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What Should We Think About Offensive Statues and Public Monuments?

A Q&A With Two Scholars on the Topic

Below are slected questions from two different interviews about the same topic. That topic: the tearing down of statues and monuments. The first set of questions is from Dr. Rachael Zeleny from the University of Baltimore, whose research considers the way in which we interact with public art. The second set includes answers from Manhattan Institute visiting fellow and New York University law professor Richard Epstein.

These interviews have been shortened for clarity.

Rachael Zeleny is a professor at the University of Baltimore. She has a cross-disciplinary curriculum and teaches courses in art, theater, rhetoric, and literature. Her research focuses on public art, museum presentation, and how those converge with political messaging. One of Zeleny’s courses — and main theme in research — focuses on the socio-political messaging of museum curators and public art, which she says was inspired by the work of La Tanya Aurty and Mike Maurawski’s “Museums Are Not Neutral” project. She has been published in a number of scholarly journals and has produced artwork of her own. She spoke with me about the artistic world and public art as she sees it, providing both her perspective as a professor and an artist.

Anthony DiMauro: What should we do with artistic expression that has outlived its appreciation — save them, get rid of them?

Dr. Rachael Zeleny: Rhetorically, how much space something takes up physically says so much for how we think it is in terms of its importance in our narrative. So, if we have an enormous statue, in the middle of a lawn, then we are sending the message to those who observe it, that this statue — in it’s physicality — takes up that much space in our cultural memory And so, to me that really becomes part of the problem — how much space do you give something? Another example, when I have my students walking around a museum and we see there is only one wall near the elevator that features black art, then that museum is sending a message about who it values and who it doesn’t.

So I have two answers to this question: If we keep artistic pieces like the Confederate statues, then they would have to be contextualized to a degree that I don’t know is even possible. You would either have to have a dosent near the statue at all times to be able to explain what the message is behind the statue, why it is there, why we still need to understand it, and its place in history — but that it doesn’t represent what the museum stands for. But this would likely be too much of a resource struggle to have somebody standing there all the time. The other option is to have a three page plaque — something else my friends in the museum tell me they will not do.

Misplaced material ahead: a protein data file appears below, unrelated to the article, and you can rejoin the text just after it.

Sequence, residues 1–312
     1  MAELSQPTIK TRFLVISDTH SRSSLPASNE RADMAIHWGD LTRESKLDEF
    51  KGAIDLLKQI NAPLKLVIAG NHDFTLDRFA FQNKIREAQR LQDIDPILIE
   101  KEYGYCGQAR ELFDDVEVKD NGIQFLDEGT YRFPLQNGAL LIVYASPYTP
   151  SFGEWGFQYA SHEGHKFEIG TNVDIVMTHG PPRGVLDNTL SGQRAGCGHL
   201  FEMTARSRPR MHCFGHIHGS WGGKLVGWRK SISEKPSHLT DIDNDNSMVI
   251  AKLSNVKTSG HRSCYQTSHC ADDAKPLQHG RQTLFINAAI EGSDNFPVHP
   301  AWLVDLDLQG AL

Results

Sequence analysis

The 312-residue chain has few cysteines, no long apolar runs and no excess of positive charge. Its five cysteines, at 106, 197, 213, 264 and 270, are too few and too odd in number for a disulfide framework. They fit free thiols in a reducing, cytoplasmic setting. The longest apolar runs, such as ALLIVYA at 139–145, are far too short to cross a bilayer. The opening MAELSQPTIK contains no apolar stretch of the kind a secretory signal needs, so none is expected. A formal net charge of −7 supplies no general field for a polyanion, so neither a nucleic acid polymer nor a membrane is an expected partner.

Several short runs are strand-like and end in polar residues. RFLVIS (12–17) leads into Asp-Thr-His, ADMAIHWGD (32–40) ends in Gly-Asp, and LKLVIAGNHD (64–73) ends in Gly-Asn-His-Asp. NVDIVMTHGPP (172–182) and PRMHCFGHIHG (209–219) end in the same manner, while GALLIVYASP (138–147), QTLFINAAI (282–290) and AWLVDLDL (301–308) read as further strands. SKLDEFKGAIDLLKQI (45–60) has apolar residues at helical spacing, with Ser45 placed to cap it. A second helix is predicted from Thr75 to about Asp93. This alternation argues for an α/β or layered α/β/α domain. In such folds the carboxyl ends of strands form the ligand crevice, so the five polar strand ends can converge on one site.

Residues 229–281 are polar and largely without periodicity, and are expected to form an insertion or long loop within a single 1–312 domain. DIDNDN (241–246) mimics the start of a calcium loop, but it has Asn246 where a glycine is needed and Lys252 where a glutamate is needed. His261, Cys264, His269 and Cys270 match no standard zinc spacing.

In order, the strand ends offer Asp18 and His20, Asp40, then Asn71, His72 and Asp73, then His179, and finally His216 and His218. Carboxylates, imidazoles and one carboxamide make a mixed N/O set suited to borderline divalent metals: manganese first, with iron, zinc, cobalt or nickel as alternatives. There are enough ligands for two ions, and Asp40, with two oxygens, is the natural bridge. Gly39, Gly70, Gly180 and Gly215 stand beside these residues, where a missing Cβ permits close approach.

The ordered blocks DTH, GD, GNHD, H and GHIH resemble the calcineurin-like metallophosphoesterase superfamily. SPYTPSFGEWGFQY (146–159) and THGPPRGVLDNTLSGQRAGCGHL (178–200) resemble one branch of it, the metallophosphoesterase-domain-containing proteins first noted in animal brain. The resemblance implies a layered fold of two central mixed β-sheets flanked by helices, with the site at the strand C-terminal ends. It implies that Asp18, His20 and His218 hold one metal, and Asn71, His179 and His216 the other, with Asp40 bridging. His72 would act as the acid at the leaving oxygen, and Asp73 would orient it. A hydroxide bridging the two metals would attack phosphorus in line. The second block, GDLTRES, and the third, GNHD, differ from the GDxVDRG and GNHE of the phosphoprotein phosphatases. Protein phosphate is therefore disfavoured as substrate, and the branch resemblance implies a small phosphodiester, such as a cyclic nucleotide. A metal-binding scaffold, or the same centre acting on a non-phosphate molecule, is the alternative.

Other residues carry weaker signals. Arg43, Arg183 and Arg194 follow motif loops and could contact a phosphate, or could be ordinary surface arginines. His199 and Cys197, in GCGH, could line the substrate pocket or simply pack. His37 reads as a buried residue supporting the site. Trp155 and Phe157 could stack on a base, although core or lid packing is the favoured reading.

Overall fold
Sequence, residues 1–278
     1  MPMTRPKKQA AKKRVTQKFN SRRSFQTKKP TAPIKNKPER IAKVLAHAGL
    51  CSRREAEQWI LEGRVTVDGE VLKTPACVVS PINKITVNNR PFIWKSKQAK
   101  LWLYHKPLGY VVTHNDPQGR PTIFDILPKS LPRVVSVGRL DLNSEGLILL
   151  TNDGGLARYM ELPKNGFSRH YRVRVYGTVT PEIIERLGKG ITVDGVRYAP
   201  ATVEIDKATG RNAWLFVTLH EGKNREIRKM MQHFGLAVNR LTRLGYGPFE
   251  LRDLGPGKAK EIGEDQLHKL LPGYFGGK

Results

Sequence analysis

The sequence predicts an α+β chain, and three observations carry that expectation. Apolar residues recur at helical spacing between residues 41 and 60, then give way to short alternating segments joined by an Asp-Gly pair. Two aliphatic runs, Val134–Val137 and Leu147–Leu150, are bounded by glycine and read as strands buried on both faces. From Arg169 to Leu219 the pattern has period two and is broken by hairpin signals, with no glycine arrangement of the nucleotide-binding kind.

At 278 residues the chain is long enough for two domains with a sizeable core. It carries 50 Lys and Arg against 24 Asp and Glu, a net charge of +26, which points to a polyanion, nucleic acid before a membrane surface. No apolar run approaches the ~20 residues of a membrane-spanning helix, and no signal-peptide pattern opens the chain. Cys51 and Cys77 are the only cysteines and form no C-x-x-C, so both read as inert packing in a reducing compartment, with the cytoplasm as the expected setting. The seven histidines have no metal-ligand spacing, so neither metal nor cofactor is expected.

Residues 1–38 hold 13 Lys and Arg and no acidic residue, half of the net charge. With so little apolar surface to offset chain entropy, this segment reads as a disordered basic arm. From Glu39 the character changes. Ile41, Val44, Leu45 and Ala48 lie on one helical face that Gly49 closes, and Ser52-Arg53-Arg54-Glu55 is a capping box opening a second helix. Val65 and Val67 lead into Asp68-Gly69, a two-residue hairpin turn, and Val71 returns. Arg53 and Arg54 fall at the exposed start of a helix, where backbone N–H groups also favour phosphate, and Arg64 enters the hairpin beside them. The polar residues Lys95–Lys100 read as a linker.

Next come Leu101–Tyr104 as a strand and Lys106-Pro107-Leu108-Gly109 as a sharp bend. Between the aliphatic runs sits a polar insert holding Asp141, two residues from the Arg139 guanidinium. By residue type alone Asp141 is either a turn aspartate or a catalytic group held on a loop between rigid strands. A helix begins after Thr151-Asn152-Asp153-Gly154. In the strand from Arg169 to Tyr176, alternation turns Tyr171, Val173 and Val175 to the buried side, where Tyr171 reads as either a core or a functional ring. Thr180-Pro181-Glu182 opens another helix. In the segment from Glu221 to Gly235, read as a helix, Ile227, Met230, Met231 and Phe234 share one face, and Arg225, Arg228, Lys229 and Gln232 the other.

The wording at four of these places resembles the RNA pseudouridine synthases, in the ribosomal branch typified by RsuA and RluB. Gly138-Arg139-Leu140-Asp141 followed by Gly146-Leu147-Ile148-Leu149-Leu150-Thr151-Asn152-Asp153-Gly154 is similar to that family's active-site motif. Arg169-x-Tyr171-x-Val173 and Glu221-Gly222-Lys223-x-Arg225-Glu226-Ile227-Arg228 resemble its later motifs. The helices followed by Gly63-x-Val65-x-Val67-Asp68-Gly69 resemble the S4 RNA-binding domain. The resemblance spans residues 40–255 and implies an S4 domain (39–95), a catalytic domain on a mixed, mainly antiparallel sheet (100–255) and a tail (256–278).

So I wonder if it should be more about a virtual gallery of these types of statues so that they do not take up the physical space anymore. And to have them contextualized within lesson plans where we’re able to understand what were the representations of the different types of supremacy and values in the past, as represented by these artworks, but to not allow them to take up the physical space. That to me would be the only reason worth saving them.

AD: Do you think the Confederate statues should be torn down?

RZ: I do. I don’t think they represent what we fought for. Again, when you let these statues take up so much space then we are sending a different message about what we still find important.

AD: Do you think the way the statues are removed matters?

RZ: It’s a hard question because I can’t say that I would take a statue down in that way — that’s not my persona. I would be one to be more likely to go through the voting process. You know, unscrewing things as opposed to bashing. But I also have to check my privilege there and realize that I’m not a vice that hasn’t been listened to for way too long.

I think, unfortunately, that major change in our country has happened because there gets to be that boiling point where the violence and the anger can no longer be hidden. We like to think that different things have gotten accomplished by peaceful protest, but it really — that’s really not true. People only tend to pay attention when there is that physical upheaval. So, I know that’s not really an answer to your question, but I think this is part of a larger conversation of things happening that’s the reason people are actually paying attention. And I think if you just unscrew things quietly, I’m not sure it has the same impact.